The almanac

By United Press International  |  Sept. 20, 2009 at 3:30 AM
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Today is Sunday, Sept. 20th, the 263rd day of 2009 with 102 to follow.

The moon is waxing. The morning stars are Mercury, Saturn, Mars and Venus. The evening stars are Neptune, Jupiter and Uranus.

Those born on this date are under the sign of Virgo. They include Australian nurse Sister Elizabeth Kenny, who pioneered the care of polio victims, in 1886; novelist Upton Sinclair in 1878; Basketball Hall of Fame Coach Arnold Jacob "Red" Auerbach in 1917; fashion designer James Galanos in 1925 (age 84), and actresses Anne Meara in 1929 (age 80), Sophia Loren in 1934 (age 75) and Kristen Johnston in 1967 (age 42).

On this date in history:

In 1519, Portuguese navigator Ferdinand Magellan began a voyage to find a western passage to the East Indies.

In 1873, financial chaos forced the New York Stock Exchange to close. It remained closed for 10 days.

In 1946, the first Cannes Film Festival opened on the French Riviera. An earlier attempt to begin the international movie showcase in 1939 was halted by the outbreak of World War II.

In 1966, Britain's Queen Elizabeth II launched the Cunard liner bearing her name, often shortened to QEII, which eventually became the only ocean liner on the once thriving trans-Atlantic route.

In 1984, Muslim terrorists bombed the U.S. Embassy annex in Lebanon, killing 23 people, including two Americans. It was the third terrorist attack on U.S. installations in Beirut in 17 months.

In 1990, a military court convicted Nicu Ceausescu, 39, youngest son of executed former Romanian dictator Nicolae Ceausescu, of murder.

In 1991, the Cambodian government and three rebel factions agreed on a form of future U.N.-supervised elections.

In 1993, leaders of the three factions fighting in Bosnia broke off negotiations aboard a British aircraft carrier in the Adriatic Sea.

In 2000, the six-year Whitewater investigation of U.S. President Bill Clinton and first lady Hillary Rodham Clinton ended without any indictments being issued. Independent Counsel Robert Ray said there was insufficient evidence to establish criminal wrongdoing.

In 2001, Pennsylvania Gov. Tom Ridge was named to head the new Department of Homeland Security.

In 2002, Israeli forces demolished all but one building of the office compound of Palestinian chief Yasser Arafat after a suicide bomber killed seven people aboard a Tel Aviv bus.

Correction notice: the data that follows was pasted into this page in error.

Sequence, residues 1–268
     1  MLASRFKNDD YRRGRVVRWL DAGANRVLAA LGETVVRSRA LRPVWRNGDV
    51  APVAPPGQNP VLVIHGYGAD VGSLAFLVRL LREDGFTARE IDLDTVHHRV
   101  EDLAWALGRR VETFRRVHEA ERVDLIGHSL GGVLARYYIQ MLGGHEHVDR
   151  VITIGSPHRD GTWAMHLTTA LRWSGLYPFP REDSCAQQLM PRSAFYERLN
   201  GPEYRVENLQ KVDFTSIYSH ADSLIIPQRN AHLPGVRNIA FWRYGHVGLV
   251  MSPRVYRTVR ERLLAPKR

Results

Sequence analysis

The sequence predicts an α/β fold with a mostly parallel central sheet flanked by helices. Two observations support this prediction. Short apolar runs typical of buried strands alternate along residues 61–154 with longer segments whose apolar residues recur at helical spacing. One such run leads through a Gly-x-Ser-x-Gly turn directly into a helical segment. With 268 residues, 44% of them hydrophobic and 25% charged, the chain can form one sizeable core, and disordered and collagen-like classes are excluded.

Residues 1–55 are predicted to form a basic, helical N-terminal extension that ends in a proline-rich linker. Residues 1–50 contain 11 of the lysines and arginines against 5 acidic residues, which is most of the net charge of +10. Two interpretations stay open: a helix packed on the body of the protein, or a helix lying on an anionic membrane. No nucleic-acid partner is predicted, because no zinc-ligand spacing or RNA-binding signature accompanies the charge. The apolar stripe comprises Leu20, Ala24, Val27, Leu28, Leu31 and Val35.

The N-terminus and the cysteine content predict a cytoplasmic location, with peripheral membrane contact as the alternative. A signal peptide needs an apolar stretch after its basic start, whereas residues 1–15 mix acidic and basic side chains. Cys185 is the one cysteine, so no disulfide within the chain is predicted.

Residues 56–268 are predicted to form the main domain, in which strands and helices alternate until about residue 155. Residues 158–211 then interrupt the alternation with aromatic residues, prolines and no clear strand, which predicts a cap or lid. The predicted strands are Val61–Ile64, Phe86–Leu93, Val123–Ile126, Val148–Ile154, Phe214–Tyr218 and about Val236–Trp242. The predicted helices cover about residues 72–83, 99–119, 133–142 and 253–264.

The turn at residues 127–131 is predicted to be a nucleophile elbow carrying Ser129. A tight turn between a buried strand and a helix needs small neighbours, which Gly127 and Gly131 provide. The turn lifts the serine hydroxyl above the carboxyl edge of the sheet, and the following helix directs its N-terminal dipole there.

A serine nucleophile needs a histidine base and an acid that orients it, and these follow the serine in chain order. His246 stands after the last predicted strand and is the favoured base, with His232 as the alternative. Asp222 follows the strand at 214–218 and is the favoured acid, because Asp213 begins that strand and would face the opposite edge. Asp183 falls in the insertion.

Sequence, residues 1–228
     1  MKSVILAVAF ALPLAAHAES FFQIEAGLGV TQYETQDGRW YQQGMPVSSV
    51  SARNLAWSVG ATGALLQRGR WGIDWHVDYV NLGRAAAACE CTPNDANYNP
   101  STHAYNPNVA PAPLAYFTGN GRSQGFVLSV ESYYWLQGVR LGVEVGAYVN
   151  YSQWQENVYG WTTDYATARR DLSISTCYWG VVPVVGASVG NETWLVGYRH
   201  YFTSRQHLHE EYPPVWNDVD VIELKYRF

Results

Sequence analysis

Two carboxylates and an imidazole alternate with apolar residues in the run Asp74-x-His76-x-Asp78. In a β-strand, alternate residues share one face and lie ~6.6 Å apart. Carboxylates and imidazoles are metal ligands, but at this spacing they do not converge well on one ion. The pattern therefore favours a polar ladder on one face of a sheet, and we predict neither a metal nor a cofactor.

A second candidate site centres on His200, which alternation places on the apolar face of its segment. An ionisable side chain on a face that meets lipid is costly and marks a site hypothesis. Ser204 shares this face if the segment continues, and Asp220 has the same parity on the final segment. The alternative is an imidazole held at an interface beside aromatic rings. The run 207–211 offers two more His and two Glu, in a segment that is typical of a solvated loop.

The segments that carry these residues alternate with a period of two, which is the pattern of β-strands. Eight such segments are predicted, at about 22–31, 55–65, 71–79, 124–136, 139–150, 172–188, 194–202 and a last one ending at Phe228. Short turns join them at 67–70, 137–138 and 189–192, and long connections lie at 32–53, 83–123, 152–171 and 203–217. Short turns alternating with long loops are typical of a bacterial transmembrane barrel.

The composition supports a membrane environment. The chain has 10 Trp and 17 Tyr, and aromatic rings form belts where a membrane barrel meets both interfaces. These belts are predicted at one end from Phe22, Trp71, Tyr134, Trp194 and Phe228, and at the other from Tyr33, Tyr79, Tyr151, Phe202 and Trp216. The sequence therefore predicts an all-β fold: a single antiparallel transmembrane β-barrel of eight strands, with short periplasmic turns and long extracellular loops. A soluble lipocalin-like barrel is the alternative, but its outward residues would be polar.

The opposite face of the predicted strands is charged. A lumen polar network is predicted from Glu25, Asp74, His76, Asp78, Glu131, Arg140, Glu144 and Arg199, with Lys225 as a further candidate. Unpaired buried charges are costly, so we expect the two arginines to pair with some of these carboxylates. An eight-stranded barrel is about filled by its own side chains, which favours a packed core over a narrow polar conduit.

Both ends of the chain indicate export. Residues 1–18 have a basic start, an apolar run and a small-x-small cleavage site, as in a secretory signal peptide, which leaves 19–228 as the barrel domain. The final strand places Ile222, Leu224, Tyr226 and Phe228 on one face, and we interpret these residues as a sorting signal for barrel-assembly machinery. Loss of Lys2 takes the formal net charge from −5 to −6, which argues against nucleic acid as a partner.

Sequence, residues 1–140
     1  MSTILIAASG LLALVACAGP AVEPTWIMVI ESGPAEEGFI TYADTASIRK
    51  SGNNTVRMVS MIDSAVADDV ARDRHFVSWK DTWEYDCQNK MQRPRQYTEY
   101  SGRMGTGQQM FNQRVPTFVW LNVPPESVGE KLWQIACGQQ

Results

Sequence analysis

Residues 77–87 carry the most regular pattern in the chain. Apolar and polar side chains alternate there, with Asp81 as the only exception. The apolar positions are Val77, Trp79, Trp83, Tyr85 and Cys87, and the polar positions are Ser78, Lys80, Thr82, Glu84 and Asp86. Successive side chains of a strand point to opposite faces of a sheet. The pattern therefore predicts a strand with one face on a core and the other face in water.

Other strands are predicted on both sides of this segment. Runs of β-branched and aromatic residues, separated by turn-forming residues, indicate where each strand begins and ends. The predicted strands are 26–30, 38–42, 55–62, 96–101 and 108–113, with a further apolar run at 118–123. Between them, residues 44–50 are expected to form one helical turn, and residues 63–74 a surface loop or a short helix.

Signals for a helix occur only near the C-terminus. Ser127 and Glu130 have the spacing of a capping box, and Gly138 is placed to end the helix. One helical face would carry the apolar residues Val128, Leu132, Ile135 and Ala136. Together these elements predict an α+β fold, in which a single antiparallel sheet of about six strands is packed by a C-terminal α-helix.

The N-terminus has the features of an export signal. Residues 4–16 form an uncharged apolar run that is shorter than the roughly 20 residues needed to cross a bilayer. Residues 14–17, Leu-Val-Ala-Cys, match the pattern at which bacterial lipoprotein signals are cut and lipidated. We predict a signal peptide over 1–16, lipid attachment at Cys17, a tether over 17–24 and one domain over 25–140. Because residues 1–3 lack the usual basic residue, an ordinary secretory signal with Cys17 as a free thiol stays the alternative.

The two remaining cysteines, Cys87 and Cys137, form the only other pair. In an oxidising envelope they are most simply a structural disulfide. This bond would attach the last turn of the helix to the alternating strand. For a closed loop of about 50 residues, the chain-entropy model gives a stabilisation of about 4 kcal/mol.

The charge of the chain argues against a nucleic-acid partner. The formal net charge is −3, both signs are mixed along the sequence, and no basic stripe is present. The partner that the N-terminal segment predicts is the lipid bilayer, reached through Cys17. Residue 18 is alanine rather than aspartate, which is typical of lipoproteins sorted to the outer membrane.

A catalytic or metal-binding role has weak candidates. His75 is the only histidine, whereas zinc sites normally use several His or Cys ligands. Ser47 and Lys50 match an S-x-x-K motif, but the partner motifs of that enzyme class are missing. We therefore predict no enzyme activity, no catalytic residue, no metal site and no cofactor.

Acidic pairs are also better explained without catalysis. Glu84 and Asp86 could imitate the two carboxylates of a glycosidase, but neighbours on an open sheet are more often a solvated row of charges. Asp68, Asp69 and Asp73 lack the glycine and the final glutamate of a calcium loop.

In 2003, armies of technicians in the mid-Atlantic states worked to restore power to 2.5 million customers still in the dark from Hurricane Isabel. The storm left at least 25 dead in seven states.

In 2004, CBS News said it regretted broadcasting a controversial report about U.S. President George Bush's military service duty, saying its source had misled the network.

In 2005, the Bush administration's disapproval rating reached a reported all-time high of 58 percent in a USA Today/CNN/Gallup Poll.

In 2006, Venezuela President Hugo Chavez called U.S. President George Bush "the devil" in a U.N. speech and accused the United States of trying to dominate the world.

Also in 2006, a poll indicated that U.S. voters had an "overwhelmingly negative" opinion of the Republican-led U.S. Congress.

In 2007, Norman Hsu, a major Democratic fundraiser for U.S. Sen. Hillary Clinton's presidential campaign, was charged with defrauding investors of $60 million. Clinton said funds donated on her behalf would be returned.

Also in 2007, Wall Street reports said the U.S. dollar dropped to record lows against the euro in a week of trading, beginning on this date.

In 2008, the White House formally announced a vast bailout plan for U.S. financial institutions including full authority for the Treasury Department to buy up to $700 billion in so-called toxic mortgage-related assets in order to restore confidence among investors and banks reluctant to make loans.

Also in 2008, more than 50 people were killed and hundreds injured when a truck bomb exploded outside the popular Marriot Hotel in the Pakistani capital of Islamabad.

A thought for the day: American preacher, physician and suffragist Anna Howard Shaw said, "It is better to be true to what you believe, though that be wrong, than to be false to what you believe, even if that belief is correct."

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